On an island carved into the shape of a seahorse, four letters — LVMH — the height of a house gazed out to sea. Passing ships were not to know, but this was where an international cohort of journalists had gathered to witness the launch of the inaugural LVMH Watch Week.
The man-made Jumeira Bay is one of the most prestigious postcodes in Dubai. Bulgari Hotels & Resorts claimed a prime parcel of it to spin a fantasy of opulent design and attentive service, surrounded by sand and crystalline water. When the LVMH Group decided to stage an independent show featuring its key watchmakers — Bulgari, Hublot, TAG Heuer and Zenith — it had the luxury of selecting a venue from a handful of ritzy Bulgari hotels and resorts in Europe, the Middle East and Asia.
In fact, as Bulgari CEO Jean-Christophe Babin joked at the press conference officiating the event, the maison has enough existing and upcoming hotels and resorts in its portfolio to host LVMH Watch Week at a different venue every year for a decade. Dubai — and therefore Bulgari Resort Dubai — was ultimately chosen as the midpoint between East and West. That was the implied motive, but we suspect the year-round warm weather held just as much appeal as its strategic location, with almost every Swiss brand representative commenting that it was a nice change from wintry January in Geneva.
After all, that is when and where watch season typically kicks off with the annual Salon International de la Haute Horlogerie watch show — or so it did, until this year. For the first time in over a decade, the watchmaking cognoscenti did not descend on Switzerland shortly into a new year to examine the novelties by brands within and complementary to the Richemont Group, as well as to attend fringe events capitalising on the occasion.
Instead, SIHH has been rescheduled to late April to immediately precede Baselworld, which had previously been held in March. The latter, the industry’s oldest and biggest watch fair, has come under fire in recent years for its perceived arrogance, growing irrelevance and inflated costs.
“We felt the postponing of the two fairs was potentially extremely damaging commercially and for our partners and suppliers,” said Babin, echoing market sentiments that the second quarter was too late for novelties to begin making an appearance. Buoyed by the success of the first edition, the blueprint for LVMH Watch Week 2021 is already being firmed.
After all, who could find cause for complaint with the intimate brand presentations in villas, al fresco lunches overlooking a sparkling sea and cool evenings in the desert or by the sea warmed by live music and fire dancers? Upper management and brand spokespeople were relaxed and up for candid conversation, trading in the businesslike vibe of the Swiss encounters for a genial holiday mood.
Although TAG Heuer will only be showcasing its novelties in Switzerland — its presence in Dubai seemed to be a show of unity with its LVMH peers — Bulgari, Hublot and Zenith set the tone for the year to come in watchmaking with novelties that celebrate the best tenets of haute horlogerie.
It would be a disservice to dismiss Bulgari, best known for draping iconic designs around the likes of Elizabeth Taylor and Sophia Loren, as a jeweller dabbling in watchmaking. Gems are liberally strewn across timepieces but beneath the dazzle beats a serious understanding of horology. Unveiled at LVMH Watch Week 2020 were extensions to existing collections that effortlessly flexed the maison’s know-how in both realms.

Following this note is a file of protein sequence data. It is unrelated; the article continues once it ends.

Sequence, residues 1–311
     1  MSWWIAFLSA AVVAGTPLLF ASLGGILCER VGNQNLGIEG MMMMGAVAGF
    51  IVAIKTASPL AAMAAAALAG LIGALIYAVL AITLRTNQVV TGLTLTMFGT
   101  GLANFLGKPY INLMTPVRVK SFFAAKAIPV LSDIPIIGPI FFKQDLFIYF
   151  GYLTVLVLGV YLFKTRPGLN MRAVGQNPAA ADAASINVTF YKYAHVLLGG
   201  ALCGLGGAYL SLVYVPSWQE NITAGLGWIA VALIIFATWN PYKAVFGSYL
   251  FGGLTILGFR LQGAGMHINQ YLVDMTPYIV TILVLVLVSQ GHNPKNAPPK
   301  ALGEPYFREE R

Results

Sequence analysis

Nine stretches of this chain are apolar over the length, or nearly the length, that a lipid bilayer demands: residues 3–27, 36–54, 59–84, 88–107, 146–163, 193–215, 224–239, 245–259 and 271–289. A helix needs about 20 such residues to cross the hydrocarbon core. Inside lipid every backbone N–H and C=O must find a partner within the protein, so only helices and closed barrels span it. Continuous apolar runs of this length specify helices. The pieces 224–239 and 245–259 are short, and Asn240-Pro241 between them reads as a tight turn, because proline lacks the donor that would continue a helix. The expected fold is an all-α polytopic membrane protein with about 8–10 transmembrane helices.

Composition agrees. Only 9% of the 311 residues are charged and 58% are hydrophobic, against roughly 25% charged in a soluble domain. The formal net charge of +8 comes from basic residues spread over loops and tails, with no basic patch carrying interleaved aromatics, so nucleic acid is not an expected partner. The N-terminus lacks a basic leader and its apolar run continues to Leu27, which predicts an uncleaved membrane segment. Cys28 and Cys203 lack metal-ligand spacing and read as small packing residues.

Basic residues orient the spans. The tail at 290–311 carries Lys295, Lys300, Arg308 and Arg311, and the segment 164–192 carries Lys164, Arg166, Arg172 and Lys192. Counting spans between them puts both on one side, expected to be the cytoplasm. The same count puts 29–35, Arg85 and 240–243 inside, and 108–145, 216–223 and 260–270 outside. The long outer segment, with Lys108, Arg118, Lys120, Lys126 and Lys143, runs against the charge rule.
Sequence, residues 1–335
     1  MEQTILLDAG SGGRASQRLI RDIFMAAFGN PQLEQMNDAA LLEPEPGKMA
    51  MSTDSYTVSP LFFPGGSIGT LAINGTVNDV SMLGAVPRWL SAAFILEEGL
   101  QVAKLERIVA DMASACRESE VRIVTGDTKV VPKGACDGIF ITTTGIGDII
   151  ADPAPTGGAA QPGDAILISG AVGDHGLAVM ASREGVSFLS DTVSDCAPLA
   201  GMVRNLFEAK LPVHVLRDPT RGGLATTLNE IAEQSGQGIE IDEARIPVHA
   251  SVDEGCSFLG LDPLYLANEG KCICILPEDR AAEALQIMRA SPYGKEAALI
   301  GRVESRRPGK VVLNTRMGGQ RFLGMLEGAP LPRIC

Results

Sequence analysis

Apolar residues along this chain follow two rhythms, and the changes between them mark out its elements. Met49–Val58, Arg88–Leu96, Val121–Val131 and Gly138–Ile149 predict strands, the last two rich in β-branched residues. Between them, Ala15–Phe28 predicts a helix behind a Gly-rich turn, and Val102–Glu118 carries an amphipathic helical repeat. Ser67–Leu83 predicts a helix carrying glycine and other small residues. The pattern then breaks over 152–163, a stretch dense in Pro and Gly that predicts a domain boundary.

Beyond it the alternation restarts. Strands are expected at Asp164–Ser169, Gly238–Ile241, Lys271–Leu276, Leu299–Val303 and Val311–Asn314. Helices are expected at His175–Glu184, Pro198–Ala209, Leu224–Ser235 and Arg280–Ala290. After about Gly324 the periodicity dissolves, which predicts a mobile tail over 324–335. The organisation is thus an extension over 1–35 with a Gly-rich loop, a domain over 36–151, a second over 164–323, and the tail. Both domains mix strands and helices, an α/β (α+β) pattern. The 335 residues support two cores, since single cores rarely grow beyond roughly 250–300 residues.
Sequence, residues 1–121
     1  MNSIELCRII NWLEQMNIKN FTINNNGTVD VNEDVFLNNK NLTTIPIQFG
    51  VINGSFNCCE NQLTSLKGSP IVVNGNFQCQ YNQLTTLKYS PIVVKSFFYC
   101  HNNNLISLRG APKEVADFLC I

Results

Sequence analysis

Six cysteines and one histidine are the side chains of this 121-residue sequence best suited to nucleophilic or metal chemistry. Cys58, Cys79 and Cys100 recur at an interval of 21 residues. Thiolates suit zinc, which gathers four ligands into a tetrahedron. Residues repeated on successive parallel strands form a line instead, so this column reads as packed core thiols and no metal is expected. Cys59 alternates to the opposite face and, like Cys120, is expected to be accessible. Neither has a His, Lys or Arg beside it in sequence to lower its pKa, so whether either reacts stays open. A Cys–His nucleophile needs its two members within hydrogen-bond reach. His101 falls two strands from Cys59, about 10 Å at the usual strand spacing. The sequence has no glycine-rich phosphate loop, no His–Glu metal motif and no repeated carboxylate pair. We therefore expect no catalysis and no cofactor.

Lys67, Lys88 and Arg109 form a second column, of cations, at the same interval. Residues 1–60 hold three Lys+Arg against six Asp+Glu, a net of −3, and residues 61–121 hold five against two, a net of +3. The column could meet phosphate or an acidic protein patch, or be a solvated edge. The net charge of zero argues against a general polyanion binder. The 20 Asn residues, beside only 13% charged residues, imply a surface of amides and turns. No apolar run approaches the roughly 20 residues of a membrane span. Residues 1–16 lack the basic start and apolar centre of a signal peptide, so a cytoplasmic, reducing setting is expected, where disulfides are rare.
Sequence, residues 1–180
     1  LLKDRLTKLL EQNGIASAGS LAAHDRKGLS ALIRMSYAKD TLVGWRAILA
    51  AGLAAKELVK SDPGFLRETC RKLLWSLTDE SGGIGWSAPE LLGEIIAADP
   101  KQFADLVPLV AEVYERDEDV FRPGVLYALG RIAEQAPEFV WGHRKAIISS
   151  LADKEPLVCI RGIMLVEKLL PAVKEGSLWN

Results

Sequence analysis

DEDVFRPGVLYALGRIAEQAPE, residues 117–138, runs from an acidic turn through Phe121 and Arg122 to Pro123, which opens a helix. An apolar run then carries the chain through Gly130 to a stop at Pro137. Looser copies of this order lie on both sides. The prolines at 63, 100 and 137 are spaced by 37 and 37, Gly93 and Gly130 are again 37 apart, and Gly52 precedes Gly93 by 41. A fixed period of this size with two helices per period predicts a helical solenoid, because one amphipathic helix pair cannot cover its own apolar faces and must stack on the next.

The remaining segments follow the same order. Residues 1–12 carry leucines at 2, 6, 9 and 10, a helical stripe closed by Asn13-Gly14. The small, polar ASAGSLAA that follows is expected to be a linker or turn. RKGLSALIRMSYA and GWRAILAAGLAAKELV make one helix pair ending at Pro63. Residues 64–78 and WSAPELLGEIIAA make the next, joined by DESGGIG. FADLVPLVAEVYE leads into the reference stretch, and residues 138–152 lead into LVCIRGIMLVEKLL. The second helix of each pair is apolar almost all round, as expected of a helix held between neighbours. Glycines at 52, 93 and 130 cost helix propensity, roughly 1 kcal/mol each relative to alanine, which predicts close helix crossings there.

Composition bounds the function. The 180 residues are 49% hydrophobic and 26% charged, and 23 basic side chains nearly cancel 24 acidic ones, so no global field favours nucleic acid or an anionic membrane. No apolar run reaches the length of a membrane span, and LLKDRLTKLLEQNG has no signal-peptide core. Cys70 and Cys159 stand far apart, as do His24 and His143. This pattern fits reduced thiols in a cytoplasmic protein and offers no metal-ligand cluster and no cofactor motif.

Take the Serpenti collection. The sensual coils of its serpentine inspiration have been wound around wrists since the 1940s, yet the design remains a staple and a favourite for its straddling of haute joaillerie and haute horlogerie. Headlining this year’s releases, for instance, is the Serpenti Seduttori Tourbillon in white gold with full diamonds.
Declared the smallest tourbillon in the market at 22mm by 18mm and just 3.65mm thick, it took Bulgari all the savoir faire it could muster to not only design a complication that minute but also work it into the snakehead silhouette of the case. Unlike most watchmakers, Bulgari adapts technical considerations to suit the aesthetics, and this refusal to compromise on style ensures its timepieces are as visually stunning as they are mechanically compelling: The manual-winding Caliber BVL150 at the heart boasts a 40-hour power reserve while the case, dial and bracelet are paved with round brilliant-cut diamonds — 558 in total. Should this diamond-studded dream prove too icy for preferences, options in rose or white gold with diamond pavé and leather straps or a bracelet in alternating rose or white gold and steel might please.
Speaking of dreams, women would also appreciate the Divas’ Dream Minute Repeater Malachite. It combines the trademark Diva fan-shape with the world’s thinnest minute repeater, the BVL362 with 42 hours of autonomy, beneath a dial of exquisite green malachite to cement the brand’s standing as the Jeweller of Time.
Men have not been forgotten, with extensions to the immensely popular Octo Finissimo collection. The slim eight-sided case bearing the influence of designer Gérald Genta is not just a pretty face — it has won over 40 awards for its design and ultra-thin mechanical minute repeater movement. The Calibre BVL362 finds a new home in this sandblasted rose-gold model, complete with incised hour markers and a small seconds counter at 6 o’clock. Alternatives are available in sandblast-polished ceramic or satin-polished steel or rose gold.